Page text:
Vic Fangio taught Leonard Floyd two things in particular that resonated with the Bears outside linebacker: Win the first two seconds of every down, and save your money.
That pretty much illustrates Fangio’s common-sense approach, which endeared him to players young and old as the Bears’ defensive coordinator.
Fangio was a soft-spoken leader, a -meticulous teacher and a father-like mentor. It’s a big reason why so many are looking forward to facing Fangio and his Broncos on Sunday at Mile High Stadium. They want to see him, hug him, beat him and, in Floyd’s case, impress him.
“I’m super-excited going against coach Vic,” said Floyd, who grew up in Fangio’s defense in his first four seasons in the NFL with the Bears. “I’m looking forward to playing at a high level so he can notice me.”
Fangio’s influence on the Bears’ rebuild seems bigger than ever after the defense stood out in the 10-3 loss to the Packers. It’s now Chuck Pagano’s defense, but there’s no doubt it was built by Fangio.
When Fangio arrived in 2015, the Bears were 30th in the NFL in total defense and 31st in scoring defense, with no Pro Bowl players. Four years later, they were third in total defense and first in scoring defense, with four Pro Bowl players, including three All-Pros — linebacker Khalil Mack, safety Eddie Jackson and cornerback Kyle Fuller.
“He’s a guru,” Jackson said. “Coach Vic didn’t really speak too much. He was one of those quiet guys — always like the mob type. Always just chill. And when he did talk, the room listened.”
Fangio facing a team he knows so well on both sides of the line of scrimmage will be an intriguing storyline heading into a huge game for the Bears.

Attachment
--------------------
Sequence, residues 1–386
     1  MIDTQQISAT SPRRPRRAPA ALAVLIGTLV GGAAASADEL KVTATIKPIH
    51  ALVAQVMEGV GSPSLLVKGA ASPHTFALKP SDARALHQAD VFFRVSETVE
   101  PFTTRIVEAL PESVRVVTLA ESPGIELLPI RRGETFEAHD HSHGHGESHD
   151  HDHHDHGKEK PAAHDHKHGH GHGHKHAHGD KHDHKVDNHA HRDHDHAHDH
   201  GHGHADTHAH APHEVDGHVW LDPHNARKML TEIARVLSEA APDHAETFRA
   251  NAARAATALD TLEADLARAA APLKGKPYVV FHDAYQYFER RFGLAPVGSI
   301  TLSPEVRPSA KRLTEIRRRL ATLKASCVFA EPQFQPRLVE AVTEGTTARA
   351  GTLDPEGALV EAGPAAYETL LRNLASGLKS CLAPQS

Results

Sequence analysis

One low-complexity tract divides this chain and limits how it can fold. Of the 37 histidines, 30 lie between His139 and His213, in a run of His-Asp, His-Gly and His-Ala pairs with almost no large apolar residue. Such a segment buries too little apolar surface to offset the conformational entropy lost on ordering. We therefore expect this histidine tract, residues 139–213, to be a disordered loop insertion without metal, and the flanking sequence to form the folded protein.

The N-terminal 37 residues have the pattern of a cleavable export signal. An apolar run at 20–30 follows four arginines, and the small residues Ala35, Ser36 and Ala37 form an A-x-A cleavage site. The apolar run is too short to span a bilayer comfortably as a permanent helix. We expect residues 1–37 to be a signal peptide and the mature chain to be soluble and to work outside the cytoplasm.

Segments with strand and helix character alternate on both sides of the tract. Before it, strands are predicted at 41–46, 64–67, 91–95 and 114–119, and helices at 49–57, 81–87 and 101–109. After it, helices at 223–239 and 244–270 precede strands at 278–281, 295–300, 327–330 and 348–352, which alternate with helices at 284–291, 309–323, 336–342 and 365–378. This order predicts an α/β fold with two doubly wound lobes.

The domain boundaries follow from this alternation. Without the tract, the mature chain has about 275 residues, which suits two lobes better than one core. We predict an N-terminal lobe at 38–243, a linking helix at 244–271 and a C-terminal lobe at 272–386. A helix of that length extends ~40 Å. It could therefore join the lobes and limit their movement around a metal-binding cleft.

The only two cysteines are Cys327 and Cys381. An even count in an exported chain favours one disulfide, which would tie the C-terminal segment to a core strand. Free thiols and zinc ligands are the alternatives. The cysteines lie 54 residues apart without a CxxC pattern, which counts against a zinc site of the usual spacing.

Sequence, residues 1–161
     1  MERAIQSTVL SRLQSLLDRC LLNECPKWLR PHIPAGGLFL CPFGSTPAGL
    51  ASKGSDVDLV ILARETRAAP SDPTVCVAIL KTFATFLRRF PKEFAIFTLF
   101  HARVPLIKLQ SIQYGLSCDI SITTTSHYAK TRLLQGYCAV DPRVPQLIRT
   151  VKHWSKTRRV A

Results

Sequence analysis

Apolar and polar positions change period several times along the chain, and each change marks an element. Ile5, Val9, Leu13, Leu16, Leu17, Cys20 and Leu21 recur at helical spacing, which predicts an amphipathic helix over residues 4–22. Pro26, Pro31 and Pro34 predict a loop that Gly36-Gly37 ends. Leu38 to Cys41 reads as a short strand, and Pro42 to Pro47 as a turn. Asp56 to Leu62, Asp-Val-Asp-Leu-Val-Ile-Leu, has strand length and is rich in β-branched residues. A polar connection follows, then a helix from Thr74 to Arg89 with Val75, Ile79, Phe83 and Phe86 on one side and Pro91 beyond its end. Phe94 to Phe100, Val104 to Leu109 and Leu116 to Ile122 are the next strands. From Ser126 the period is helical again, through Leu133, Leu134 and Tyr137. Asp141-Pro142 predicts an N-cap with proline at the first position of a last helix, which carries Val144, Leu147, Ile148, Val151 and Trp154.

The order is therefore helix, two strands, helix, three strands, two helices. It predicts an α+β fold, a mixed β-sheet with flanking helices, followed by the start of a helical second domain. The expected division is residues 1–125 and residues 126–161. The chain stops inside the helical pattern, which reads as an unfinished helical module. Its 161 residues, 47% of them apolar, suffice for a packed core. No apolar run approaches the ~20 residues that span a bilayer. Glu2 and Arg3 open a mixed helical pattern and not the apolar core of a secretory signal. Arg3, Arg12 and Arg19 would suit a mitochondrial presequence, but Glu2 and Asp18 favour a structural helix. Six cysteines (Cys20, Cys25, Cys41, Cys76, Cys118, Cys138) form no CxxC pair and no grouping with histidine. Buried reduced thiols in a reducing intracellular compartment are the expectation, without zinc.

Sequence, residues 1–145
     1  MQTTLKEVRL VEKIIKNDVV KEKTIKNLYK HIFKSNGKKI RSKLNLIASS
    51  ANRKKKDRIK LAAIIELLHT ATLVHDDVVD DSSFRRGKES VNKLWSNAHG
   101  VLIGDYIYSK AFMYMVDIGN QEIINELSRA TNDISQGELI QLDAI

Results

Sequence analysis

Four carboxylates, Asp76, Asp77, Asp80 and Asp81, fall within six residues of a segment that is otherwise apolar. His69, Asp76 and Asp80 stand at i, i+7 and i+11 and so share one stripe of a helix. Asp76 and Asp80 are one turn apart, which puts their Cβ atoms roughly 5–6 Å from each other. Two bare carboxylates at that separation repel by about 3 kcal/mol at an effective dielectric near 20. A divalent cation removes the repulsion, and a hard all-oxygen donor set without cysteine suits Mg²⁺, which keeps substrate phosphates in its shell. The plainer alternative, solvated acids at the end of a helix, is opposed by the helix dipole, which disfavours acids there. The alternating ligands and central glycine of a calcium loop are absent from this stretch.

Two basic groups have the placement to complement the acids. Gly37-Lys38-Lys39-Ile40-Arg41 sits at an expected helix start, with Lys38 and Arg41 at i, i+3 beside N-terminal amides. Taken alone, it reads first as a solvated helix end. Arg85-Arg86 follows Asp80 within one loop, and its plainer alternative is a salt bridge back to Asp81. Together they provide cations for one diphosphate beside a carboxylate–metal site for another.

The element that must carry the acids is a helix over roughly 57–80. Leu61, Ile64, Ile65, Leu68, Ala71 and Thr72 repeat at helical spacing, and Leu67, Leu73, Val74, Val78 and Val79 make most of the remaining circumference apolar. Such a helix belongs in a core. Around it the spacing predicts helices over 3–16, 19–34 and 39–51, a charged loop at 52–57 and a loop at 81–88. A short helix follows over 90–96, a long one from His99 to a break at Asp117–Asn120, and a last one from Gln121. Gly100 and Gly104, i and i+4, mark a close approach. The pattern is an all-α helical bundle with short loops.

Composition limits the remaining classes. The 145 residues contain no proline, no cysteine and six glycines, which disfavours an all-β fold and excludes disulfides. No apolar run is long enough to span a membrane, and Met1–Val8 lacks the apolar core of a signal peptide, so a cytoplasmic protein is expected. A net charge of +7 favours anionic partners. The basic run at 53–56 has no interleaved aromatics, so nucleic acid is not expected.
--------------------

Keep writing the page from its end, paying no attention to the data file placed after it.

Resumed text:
Coach Matt Nagy knows this will be as big of a game for Fangio as it is for the Bears. Nagy had particular fun in re-living Fangio’s spirited approach to Bears practices.
“He might not act like it, but he’s a competitive guy,” Nagy said. “It we threw an interception or if there was a fumble in practice, he’d run down there and jump up in the air and land awkwardly and think he looked cool, but he really didn’t. And then we’d get it on video.
“There was one time where . . . they had a pick-six and he grabbed the ball and he did a ‘ba-boom’ and spiked the ball on us. It was on video. The first thing he did was run into the video department and told them to delete that. But he forgot that I’ve got 51 percent [authority], and I made ’em put it back in. So we got it on video and played it later in the year.”
After all of those practice-field battles, the Bears know Fangio will enjoy the heck out of beating the Bears. So beneath the utmost respect on the outside is a bit of a grudge match.
“Before the game and after the game, we’ll be cool,” cornerback Prince Amukamara said. “But in the game, we’re trying to give him his first or second loss.”
But win or lose Sunday, players will never forget the impact Fangio had on their career, especially Floyd.
“He had a lot [of impact],” Floyd said. “He was the coordinator here when they drafted me. He brought me in and taught me a whole lot about the game of football and a whole lot about life. He will forever be one of my closest friends and one of my favorite coaches.”